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Weekly Digest: Fifth ‘food box’ round seeks diverse cheese offerings

Progressive Dairy Editor Dave Natzke Published on 05 January 2021

Digest Highlights

Fifth ‘food box’ round seeks diverse cheese offerings

U.S. Secretary of Agriculture Sonny Perdue announced the USDA will purchase an additional $1.5 billion worth of food for nationwide distribution through the Farmers to Families Food Box Program. In the announcement, the USDA emphasized that other hard, semifirm or semisoft cheese (e.g., blue, brick, colby, Edam, Gorgonzola, Gouda, Gruyere, Monterey Jack, Muenster, Parmesan, provolone and Romano) are acceptable in addition to cheddar and other cheeses specified in the solicitation.

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The additional funding for the program was included in the COVID-19 relief package signed into law on Dec. 27, 2020.

In this fifth round of purchases, the USDA will again purchase combination boxes to ensure all involved recipient organizations have access to fresh produce, dairy products, fluid milk and meat products. Seafood products will also be included in this round. Solicitations will be issued to over 240 organizations that have previously received basic ordering agreements (BOA). Contract awards are expected to be made by Jan. 19, with food deliveries beginning shortly after awards are issued and continue through the end of April.

Through Jan. 4, 2021, the USDA had distributed more than 132 million food boxes since the program was launched last April.

USDA solicits bids for 3.35 million gallons of fluid milk

In addition to announcing another round of Farmers to Families Food Box distribution, the USDA opened bidding periods on two separate “Section 32” solicitations for fluid milk for federal food and nutrition assistance programs.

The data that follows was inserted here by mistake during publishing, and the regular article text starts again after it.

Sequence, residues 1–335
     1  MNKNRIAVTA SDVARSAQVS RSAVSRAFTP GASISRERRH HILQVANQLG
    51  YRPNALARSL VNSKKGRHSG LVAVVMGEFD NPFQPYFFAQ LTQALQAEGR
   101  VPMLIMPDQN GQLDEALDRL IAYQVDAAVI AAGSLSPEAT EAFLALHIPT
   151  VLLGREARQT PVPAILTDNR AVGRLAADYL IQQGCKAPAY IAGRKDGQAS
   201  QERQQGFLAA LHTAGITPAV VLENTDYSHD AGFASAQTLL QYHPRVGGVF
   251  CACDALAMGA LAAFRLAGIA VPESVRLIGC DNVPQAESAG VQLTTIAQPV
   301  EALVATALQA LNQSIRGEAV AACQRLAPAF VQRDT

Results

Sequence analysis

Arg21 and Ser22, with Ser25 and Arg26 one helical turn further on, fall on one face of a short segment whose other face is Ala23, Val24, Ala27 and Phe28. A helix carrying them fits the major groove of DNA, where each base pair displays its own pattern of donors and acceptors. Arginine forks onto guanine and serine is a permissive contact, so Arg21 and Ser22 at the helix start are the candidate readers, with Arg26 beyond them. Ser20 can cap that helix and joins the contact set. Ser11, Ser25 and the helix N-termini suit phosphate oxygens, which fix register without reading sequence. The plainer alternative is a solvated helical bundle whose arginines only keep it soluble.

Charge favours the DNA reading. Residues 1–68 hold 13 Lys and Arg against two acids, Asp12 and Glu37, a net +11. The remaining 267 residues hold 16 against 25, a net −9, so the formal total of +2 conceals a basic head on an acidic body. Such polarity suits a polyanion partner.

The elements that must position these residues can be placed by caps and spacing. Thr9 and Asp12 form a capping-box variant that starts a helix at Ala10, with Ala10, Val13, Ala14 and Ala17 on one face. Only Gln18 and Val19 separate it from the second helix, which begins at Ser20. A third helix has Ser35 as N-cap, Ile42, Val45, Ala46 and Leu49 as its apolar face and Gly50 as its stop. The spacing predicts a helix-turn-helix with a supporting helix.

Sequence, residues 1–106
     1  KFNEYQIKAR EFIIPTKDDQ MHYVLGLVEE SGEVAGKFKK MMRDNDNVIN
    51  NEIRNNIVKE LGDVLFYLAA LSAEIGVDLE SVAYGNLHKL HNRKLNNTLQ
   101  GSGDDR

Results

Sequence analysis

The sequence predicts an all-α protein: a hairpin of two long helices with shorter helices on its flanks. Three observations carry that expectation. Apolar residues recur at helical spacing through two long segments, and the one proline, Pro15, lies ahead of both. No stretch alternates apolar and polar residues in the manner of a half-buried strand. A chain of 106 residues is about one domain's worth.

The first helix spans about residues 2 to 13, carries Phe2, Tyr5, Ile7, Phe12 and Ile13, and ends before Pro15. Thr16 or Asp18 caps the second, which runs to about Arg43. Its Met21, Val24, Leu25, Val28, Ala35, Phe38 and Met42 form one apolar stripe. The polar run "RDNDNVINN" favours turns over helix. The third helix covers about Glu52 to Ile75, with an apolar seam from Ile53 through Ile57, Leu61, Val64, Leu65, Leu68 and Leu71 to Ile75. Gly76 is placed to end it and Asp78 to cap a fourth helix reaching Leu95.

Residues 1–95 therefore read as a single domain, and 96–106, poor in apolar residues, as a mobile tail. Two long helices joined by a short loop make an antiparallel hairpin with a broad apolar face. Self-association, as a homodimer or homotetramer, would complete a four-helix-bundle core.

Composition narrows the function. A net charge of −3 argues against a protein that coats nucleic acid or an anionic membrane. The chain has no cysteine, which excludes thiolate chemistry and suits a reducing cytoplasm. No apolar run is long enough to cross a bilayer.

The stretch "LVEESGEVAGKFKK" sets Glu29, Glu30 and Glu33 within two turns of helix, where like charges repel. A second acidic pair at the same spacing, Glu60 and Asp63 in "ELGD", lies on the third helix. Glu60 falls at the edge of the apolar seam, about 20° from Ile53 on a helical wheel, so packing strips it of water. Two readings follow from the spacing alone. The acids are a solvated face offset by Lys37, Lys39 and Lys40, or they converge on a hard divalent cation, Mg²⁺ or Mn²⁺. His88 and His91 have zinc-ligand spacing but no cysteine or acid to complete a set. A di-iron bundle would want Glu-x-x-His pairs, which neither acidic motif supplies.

Combined, the two solicitations total nearly 3.35 million gallons of 1%, 2% and whole milk in half-gallon and gallon containers. Delivery is scheduled to multiple locations between Feb. 22-March 31, 2021. Bids must be submitted by Jan. 15, with contracts to be awarded on Jan. 25.

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On Jan. 7, the USDA announced an additional solicitation under Section 32 provisions. This request seeks bids for more than 5.2 million pounds of salted print butter in 1-pound packages for delivery between Feb. 16 and Mar. 31. Bids will be awarded on Jan. 21.

Edge calls for more school milk options

Expressing disappointment that the 2020-25 Dietary Guidelines for Americans (DGA) failed to include fuller-fat dairy options, the head of Edge Dairy Farmer Cooperative called on Congress to help broaden the milk options children have in school.

The 2020-25 DGA were released on Dec. 29, 2020, largely maintaining dairy’s recommendations with the previous version.